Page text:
It has always occurred to me as odd that the war memorial in Rudyard should have the date August 31st 1921 as the date signifying the end of the First World War. Why should this be so? Most people, if asked, would automatically pick November 11th 1918 as the end of the War. Perhaps others might suggest June 1919 when the Treaty of Versailles between the belligerent powers was signed in the Hall of Mirrors. But again this seems not to be the case. The facetious side of me thinks that no one bothered to tell the people of Rudyard that the war was over. There is a precedent for official oversight as the people of Berwick on Tweed were left out of the peace treaty concluded between Britain and Russia in 1855 at the end of the Crimean War- Berwick was always included as a separate entity as it was a disputed border town between England and Scotland.
There is also a Laurel and Hardy film “Blockheads” when Stan is asked to defend a trench. The Armistice is declared and Mr Laurel is overlooked and stays on the Western Front. Years later he is found, a huge pile of empty bean cans behind him and a furrow that Stan has ploughed constantly marching up and down are evidence of his steadfastness.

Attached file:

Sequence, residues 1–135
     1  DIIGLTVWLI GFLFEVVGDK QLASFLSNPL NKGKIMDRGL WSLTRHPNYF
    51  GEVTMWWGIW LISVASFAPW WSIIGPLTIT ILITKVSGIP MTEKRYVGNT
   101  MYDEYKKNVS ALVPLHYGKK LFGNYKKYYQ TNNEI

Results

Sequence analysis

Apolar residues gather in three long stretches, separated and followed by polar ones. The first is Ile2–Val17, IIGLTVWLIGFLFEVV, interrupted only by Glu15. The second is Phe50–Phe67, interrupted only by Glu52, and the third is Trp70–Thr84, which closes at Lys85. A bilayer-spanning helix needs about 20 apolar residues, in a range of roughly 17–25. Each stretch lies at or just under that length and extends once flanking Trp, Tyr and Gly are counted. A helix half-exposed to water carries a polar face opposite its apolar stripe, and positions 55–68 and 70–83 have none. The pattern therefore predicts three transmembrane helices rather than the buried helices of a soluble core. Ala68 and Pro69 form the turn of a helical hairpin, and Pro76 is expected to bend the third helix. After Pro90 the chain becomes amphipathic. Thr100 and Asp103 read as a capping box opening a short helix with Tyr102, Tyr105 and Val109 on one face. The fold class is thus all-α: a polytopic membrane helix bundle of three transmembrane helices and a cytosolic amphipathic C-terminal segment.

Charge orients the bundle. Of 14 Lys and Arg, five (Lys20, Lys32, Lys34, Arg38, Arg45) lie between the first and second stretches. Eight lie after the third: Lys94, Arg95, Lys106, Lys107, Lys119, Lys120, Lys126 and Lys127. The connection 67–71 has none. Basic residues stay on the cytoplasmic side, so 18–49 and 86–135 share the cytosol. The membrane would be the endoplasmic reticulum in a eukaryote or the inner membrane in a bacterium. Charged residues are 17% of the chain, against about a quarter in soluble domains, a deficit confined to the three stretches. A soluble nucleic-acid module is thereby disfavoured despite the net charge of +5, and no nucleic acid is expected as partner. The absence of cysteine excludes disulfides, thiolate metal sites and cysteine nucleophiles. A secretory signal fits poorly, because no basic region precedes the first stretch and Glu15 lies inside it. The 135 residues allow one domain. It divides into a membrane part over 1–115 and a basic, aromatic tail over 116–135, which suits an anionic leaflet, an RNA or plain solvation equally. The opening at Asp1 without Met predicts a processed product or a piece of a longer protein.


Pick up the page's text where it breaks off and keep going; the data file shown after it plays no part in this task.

More seriously, I wondered if the continuing fighting in Soviet Union and in Ireland might offer a clue. After 1918 the Allies came to the assistance of the “White” pro Czarist forces who were fighting the Communist Government that had seized power the year previously. About 40,000 British troops were sent to the Soviet Union. The 7th Battalion of the North Staffordshire Regiment, my grandfathers unit, were sent to the oil fields of Baku in the Caucasus to fight with Armenians against the Soviets. I did know an old comrade of my grandfather Bill Daniels who took part in the campaign which ended in 1920. The other possibility is the Irish War of Independence involving British troops which at the time was at a crucial stage. In 1921 a truce was being negotiated between the IRA and the British Government. However this does not seem to enter into the Rudyard case.
The answer lies in a report made in the official Government mouth piece British Gazette of the 12th August 1921 which announced the official end of the First World War following the signing of a peace treaty with Hungary. As part of the old Austro Hungarian Empire it was an element of the alliance that Britain went to war with in 1914. Therefore agreement with the Hungarians over territory and reparations triggered the official ending of the war and the rather pedantic date carved into the war memorial in Rudyard.